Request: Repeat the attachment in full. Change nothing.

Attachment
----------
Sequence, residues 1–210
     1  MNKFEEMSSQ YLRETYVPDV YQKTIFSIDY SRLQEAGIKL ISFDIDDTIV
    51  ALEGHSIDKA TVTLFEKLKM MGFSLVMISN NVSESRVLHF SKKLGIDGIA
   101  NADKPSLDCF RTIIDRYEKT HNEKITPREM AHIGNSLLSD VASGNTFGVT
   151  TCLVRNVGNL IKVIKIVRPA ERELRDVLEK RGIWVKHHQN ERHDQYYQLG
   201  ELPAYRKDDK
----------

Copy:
Sequence, residues 1–210
     1  MNKFEEMSSQ YLRETYVPDV YQKTIFSIDY SRLQEAGIKL ISFDIDDTIV
    51  ALEGHSIDKA TVTLFEKLKM MGFSLVMISN NVSESRVLHF SKKLGIDGIA
   101  NADKPSLDCF RTIIDRYEKT HNEKITPREM AHIGNSLLSD VASGNTFGVT
   151  TCLVRNVGNL IKVIKIVRPA ERELRDVLEK RGIWVKHHQN ERHDQYYQLG
   201  ELPAYRKDDK